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British Industrial History

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William John Tennant

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William John Tennant (1866-1951)

1951 Obituary [1]

1952 Obituary [2]

"WILLIAM JOHN TENNANT, who died on 8th February 1951 at the age of eighty-five, started his professional life at the drawing board with a firm of consulting civil engineers. This was in 1877, and in 1883 he adopted consultative work himself, subsequently becoming partner in a firm of patent agents under the name of Boult, Wade and Tennant. As senior partner of the firm he rose to be a leader in the patent world, particularly, though not exclusively, in the field of automobile patents.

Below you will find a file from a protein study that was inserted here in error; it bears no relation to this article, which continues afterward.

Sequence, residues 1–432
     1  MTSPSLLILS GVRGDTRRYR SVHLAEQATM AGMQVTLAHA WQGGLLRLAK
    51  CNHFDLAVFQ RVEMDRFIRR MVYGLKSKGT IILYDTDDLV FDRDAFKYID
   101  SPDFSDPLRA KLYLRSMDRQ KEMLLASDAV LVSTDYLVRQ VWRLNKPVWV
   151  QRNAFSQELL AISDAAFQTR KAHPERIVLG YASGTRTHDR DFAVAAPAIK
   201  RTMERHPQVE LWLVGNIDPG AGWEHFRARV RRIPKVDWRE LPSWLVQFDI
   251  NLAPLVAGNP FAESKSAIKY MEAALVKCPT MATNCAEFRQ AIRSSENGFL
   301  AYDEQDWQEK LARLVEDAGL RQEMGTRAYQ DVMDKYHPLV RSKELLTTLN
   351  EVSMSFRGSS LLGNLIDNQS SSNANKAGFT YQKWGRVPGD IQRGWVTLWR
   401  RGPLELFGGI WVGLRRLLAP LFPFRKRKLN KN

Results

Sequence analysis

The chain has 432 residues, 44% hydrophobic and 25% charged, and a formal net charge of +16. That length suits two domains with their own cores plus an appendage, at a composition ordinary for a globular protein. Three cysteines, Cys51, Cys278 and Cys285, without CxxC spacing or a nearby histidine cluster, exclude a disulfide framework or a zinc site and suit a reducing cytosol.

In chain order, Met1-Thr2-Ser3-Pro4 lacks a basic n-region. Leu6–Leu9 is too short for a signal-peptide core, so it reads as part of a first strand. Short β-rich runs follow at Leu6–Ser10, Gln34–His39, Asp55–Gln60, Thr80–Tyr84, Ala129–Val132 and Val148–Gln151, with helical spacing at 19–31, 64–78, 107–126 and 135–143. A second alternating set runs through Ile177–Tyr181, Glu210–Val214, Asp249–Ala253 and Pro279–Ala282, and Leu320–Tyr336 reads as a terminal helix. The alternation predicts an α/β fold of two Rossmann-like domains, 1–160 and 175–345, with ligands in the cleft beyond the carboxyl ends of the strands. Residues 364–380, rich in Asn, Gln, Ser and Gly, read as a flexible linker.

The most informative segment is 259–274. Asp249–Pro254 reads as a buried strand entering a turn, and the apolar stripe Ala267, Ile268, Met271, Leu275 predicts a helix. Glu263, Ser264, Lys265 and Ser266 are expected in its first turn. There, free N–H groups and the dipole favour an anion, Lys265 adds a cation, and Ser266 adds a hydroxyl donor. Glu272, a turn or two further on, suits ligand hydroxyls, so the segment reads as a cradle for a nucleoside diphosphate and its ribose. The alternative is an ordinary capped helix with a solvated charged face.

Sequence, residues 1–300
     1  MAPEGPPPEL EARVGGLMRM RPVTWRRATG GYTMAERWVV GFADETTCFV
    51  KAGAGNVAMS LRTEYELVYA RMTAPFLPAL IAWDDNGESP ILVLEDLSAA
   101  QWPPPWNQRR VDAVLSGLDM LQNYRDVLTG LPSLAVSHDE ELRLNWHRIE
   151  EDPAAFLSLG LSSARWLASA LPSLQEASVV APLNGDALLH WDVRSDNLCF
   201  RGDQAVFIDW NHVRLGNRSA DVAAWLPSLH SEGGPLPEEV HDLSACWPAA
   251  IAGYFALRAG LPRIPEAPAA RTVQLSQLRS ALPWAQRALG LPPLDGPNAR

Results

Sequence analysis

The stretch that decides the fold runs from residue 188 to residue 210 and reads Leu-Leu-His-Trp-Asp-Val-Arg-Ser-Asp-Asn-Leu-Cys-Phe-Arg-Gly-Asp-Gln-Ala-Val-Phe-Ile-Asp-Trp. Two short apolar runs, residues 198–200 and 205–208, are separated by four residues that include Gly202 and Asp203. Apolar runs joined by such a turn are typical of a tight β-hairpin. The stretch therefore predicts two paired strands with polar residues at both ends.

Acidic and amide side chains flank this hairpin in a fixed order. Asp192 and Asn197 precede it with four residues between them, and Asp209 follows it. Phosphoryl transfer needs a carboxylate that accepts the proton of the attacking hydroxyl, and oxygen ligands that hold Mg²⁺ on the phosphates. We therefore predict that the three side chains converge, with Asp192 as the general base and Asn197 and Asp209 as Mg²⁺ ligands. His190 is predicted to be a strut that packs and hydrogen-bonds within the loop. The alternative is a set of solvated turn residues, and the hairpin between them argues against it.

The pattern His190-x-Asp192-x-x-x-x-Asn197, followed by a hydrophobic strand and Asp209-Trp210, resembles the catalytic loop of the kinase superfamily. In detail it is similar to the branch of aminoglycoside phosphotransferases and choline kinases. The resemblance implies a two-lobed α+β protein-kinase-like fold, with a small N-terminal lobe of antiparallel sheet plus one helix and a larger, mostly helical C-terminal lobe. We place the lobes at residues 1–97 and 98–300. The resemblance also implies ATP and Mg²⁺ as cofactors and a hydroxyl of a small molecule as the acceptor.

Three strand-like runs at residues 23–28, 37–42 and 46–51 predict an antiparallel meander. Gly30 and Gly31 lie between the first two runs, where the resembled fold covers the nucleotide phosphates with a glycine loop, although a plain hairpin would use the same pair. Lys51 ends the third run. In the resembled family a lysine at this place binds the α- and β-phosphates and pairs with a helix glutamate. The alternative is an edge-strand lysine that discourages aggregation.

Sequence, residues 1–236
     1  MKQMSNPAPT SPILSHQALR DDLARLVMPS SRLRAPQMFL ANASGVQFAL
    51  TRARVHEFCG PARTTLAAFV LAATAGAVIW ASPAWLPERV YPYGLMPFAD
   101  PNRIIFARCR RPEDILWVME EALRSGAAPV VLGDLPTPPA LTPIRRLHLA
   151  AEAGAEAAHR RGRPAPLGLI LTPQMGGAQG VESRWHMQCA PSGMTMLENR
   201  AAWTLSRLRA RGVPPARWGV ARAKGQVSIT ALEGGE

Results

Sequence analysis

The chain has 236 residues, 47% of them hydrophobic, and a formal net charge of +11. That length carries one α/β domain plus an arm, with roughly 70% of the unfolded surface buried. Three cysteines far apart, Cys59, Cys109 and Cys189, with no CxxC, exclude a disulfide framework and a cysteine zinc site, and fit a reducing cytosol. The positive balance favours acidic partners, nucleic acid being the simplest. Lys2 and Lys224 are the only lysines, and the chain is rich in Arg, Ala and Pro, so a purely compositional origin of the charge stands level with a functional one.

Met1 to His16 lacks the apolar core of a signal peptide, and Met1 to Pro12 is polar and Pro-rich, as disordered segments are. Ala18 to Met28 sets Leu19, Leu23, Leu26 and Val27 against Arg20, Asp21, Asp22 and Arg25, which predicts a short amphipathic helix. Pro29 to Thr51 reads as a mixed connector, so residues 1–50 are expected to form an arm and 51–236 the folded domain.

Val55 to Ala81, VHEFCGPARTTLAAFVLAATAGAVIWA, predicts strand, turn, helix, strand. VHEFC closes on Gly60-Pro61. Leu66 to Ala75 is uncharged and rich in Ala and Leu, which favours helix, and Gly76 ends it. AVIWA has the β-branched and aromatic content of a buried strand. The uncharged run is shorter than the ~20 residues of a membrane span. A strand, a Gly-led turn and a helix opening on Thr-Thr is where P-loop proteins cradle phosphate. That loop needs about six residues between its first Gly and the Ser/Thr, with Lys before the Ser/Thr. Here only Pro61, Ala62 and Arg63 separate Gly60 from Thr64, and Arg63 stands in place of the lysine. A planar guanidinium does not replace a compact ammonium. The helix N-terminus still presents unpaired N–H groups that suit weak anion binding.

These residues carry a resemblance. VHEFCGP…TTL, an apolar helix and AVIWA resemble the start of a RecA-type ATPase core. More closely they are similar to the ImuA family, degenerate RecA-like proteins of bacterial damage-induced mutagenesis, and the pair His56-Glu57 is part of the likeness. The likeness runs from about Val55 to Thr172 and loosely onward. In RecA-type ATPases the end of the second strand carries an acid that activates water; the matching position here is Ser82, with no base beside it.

He was a Member of the Institution of Automobile Engineers soon after its inception, a member of council in 1927, and a vice-president in 1930. He was a leading figure in the Junior Institution of Engineers and became a popular President of that Institution in 1933; he also served for a time on the Board of Management of the Royal Institution.

Mr. Tennant was a man of outstanding personality and of very wide interests and it was very appropriately said of him at the time of his Presidency of the Junior Institution of Engineers : "He is a man to be relied upon to do the right thing in an emergency and one of the most interesting and companionable of men".

Towards the end of his life his activities were handicapped by failing sight, but to his many friends he leaves an impression of a commanding figure, full of vitality and energy—radiating kindness and courtesy wherever he went."

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